Craig Shipley swung and the baseball hurtled toward the outfield grass like a ninth-inning snowball, getting larger as its journey continued.
It started out with a big piece of Shipley's heart. By the time it landed, it was carrying the souls of 25 Padres, their coaches, and Manager Greg Riddoch.
It cleared the infield and bounced onto the grass between Pittsburgh's Barry Bonds and Andy Van Slyke, neither of whom gave chase. It rolled toward the fence as Jerald Clark scored the deciding run, and it may as well have kept rolling right into St. Louis.
That is the Padres' destination today but, after Wednesday's wild, come-from-behind, 8-7 victory over Pittsburgh, there is an increasing feeling in the Padre clubhouse that this club is destined for something much more magical.
"They don't (give up)," Riddoch said. "This is not new. This is not today. This is every time. They know they can win."
Tony Gwynn said that he has a different feeling about this team than others he has played on in his decade as a Padre. His only problem was finding the proper words.
"I don't know," he said. "Maybe because we're younger than the other clubs. Maybe because we're more aggressive. Maybe because we all get along.
"I don't know what it is. There's just something about this club. We don't quit. When you watch this every day, the way we go hard, the way we believe we can win. . . ."
He didn't finish the thought. In the raucous Padre clubhouse, thinking was certainly a more difficult task than battling the Pirates.
The Padres, 6-0 against Pittsburgh this season, spent more time Wednesday in the hole than a well-digger.
They trailed early, 5-1.
They trailed at the end of the seventh, 6-5.
They tied it against Pittsburgh reliever Stan Belinda in the eighth, 6-6, only to watch Randy Myers allow Pittsburgh to score the go-ahead run in the ninth.
Heroes? They were everywhere.
Gwynn hit a two-run home run in the fourth--his second homer this week--and added a sacrifice fly in the eighth.
Kurt Stillwell had three hits and the Padres' first four batters--Tony Fernandez, Gwynn, Gary Sheffield and Fred McGriff--collected two hits apiece.
Darrin Jackson, after winning Tuesday's game with a 10th-inning home run, tied things in the ninth with a double that sent Benito Santiago home and extended Jackson's hitting streak to 10 games.
And two batters later, Shipley, pinch-hitting for Myers with the bases loaded and one out, was summoned for his first at-bat in a week.
Padre pinch-hitters had gotten only one hit in their previous 21 at-bats, but Shipley answered by stroking the first game-winning hit of his major league career on the first pitch he saw from Belinda (2-2).
"You've got one at-bat," Shipley said. "You're either going to have a great day or a terrible day."
It was one of Shipley's finest.
"Everybody is picking us up," Gwynn said. "That's what it's all about. It ain't just eight guys and the pitcher out there."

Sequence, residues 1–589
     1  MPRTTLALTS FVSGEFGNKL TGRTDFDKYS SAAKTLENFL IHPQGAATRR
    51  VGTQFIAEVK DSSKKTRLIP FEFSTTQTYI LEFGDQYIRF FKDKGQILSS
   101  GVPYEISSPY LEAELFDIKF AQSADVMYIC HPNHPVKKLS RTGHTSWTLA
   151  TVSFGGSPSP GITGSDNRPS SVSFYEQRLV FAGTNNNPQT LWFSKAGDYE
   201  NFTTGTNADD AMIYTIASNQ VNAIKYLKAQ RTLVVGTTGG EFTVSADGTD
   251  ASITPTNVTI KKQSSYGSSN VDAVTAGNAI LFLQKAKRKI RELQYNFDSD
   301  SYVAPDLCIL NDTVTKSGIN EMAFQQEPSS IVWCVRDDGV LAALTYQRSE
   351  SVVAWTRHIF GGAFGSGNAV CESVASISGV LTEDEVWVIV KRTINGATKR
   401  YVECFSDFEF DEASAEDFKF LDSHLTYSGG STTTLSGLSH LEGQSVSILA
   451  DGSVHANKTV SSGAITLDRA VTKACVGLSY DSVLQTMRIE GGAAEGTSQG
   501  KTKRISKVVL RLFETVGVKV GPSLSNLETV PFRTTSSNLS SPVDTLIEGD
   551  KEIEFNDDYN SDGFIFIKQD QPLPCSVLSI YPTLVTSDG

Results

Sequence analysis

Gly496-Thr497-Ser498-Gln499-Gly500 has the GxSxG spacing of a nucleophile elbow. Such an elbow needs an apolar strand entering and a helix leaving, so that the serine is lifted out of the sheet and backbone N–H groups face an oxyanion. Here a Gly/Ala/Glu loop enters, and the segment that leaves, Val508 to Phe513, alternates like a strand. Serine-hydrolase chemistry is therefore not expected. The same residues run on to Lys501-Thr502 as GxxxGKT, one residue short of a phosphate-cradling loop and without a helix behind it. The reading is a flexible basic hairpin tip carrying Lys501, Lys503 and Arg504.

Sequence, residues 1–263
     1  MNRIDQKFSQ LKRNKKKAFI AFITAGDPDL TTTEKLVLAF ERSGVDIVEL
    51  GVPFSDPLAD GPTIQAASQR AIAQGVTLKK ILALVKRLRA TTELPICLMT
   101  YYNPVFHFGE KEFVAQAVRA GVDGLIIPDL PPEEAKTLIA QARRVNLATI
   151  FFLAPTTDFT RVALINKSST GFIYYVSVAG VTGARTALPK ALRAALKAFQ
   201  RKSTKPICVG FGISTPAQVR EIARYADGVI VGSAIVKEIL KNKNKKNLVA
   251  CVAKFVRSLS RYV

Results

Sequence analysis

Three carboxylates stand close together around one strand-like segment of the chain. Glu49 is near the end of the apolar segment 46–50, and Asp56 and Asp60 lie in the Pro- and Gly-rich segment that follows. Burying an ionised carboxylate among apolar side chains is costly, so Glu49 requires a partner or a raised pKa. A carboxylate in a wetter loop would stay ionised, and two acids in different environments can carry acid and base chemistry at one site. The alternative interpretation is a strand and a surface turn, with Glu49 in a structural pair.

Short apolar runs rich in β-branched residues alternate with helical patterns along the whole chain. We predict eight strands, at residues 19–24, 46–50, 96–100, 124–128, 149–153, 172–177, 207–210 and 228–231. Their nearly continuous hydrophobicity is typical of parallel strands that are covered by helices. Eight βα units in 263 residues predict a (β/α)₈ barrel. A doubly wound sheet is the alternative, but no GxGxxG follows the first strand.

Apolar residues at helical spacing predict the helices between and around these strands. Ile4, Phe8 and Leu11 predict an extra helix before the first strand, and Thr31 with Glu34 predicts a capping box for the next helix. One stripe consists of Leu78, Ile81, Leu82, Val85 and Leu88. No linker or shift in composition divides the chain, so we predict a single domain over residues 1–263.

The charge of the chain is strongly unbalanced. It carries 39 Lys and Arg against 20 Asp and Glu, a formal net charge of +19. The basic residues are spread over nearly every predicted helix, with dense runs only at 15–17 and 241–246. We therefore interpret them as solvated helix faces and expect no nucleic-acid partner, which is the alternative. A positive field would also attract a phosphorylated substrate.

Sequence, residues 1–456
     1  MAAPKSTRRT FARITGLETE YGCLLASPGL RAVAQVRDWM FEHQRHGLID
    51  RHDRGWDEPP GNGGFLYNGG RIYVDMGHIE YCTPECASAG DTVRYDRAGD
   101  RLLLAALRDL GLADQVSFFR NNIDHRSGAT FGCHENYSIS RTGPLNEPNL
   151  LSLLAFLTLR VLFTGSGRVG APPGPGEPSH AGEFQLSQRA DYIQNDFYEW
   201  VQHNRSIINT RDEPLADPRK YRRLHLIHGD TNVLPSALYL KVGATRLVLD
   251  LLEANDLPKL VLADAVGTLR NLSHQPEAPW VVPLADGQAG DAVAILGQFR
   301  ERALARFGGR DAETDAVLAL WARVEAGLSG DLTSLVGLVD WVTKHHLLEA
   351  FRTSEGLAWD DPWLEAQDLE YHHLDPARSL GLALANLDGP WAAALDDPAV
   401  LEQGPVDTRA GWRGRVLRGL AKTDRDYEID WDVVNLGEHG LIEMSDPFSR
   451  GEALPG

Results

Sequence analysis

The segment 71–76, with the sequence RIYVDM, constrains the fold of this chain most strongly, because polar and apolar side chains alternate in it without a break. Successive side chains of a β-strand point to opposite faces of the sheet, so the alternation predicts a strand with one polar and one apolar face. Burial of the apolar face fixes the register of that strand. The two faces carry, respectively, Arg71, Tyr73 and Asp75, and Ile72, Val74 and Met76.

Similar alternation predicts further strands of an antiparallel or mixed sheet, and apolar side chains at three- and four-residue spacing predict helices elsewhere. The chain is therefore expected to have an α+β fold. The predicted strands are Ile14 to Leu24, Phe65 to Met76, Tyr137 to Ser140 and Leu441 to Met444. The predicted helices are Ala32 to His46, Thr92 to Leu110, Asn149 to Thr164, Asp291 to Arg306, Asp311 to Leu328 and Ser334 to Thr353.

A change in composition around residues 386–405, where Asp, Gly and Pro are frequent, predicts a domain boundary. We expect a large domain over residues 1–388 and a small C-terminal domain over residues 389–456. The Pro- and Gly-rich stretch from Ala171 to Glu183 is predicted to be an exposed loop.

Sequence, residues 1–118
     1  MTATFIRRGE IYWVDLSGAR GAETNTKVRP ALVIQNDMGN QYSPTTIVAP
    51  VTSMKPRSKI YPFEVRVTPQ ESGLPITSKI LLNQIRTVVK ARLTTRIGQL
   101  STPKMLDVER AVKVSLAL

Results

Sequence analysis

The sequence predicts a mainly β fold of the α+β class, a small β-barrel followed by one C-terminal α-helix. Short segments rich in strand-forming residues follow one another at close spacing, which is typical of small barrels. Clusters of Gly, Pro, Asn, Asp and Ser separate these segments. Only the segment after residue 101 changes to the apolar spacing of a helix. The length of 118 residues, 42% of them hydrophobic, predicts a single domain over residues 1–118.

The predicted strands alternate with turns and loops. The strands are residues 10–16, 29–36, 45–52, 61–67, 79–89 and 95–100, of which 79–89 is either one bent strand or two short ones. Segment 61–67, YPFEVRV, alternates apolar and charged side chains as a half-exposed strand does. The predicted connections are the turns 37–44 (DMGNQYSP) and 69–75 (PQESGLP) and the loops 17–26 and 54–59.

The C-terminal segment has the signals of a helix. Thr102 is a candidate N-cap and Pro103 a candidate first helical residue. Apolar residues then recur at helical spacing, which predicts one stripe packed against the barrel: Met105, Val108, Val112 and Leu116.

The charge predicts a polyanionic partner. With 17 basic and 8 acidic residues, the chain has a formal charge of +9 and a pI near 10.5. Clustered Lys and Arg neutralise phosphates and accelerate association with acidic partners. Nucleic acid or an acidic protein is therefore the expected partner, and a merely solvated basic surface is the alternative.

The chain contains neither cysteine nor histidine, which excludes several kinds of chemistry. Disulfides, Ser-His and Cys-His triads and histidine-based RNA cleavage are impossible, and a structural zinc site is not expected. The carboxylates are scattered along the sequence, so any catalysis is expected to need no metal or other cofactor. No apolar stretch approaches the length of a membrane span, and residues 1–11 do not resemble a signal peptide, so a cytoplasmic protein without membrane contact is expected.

Said Jackson: "We never give up. When you've got a lineup like we've got, with Fred and Sheffield, there's no way you can give up."
It may be a standard line, but there aren't many more creative ways to explain it.
How else can you describe a team that finished the home stand 6-4 despite having a pitching staff that yielded at least six runs in seven of the 10 games?
How else can you explain that the Padres (26-21) are five games over .500 for the first time this season and holding steady at 1 1/2 games behind the first-place San Francisco Giants although their pitching staff has yielded an NL-high 42 home runs? That's seven more than Pittsburgh's 35, the next worst in the NL.
Andy Benes, who had won three consecutive starts, lasted only 5 2/3 innings, getting knocked around for five earned runs and 11 hits in front of 16,338 in San Diego Jack Murphy Stadium.
"I don't know," Riddoch said. "He just got hit. It wasn't one of his better days."
Myers (2-1), the Padres' fifth pitcher of the day, got the victory despite nearly ruining the Padres' day by allowing a run and two hits in the ninth.
His 1992 ERA against Pittsburgh actually went down to 13.49.
Still, Riddoch said he is not considering relieving Myers from his stopper duties.
"We'll do like we would do with anybody else," Riddoch said. "Be positive, make adjustments and keep on going."
The poor Padre pitching numbers--the staff's ERA is now up to 3.99--didn't exactly come against an intimidating lineup. The Pirates have now lost 10 of their past 12 games and completed their worst West Coast trip in history, going 1-8.
Thanks in part to Pittsburgh starter Randy Tomlin allowing four runs (three earned) and eight hits in only 3 2/3 innings, the Padres completed their first three-game sweep against Pittsburgh in San Diego since June 1979.
"You're not going to win many games when you give up six, seven, eight runs," Pittsburgh Manager Jim Leyland said. "If you do that, you're going to get . . . beat all year. Our fielding was good and our pitching was terrible.
". . . I'm tired of making excuses. Let's be honest about it. Our starting pitching is forcing our bullpen to do too much."
The Padres have had a similar problem but somehow has managed to elude it.
As a result, instead of thinking about an unsteady pitching staff, the Padres now are dreaming big dreams.
"We're not concerned with what other people say," Riddoch said. "We know what we can do. We can compete. If we get solid pitching, we can compete with anyone in the league.
"That is not a new statement."
But for the first time, it seems like more than a pipe dream.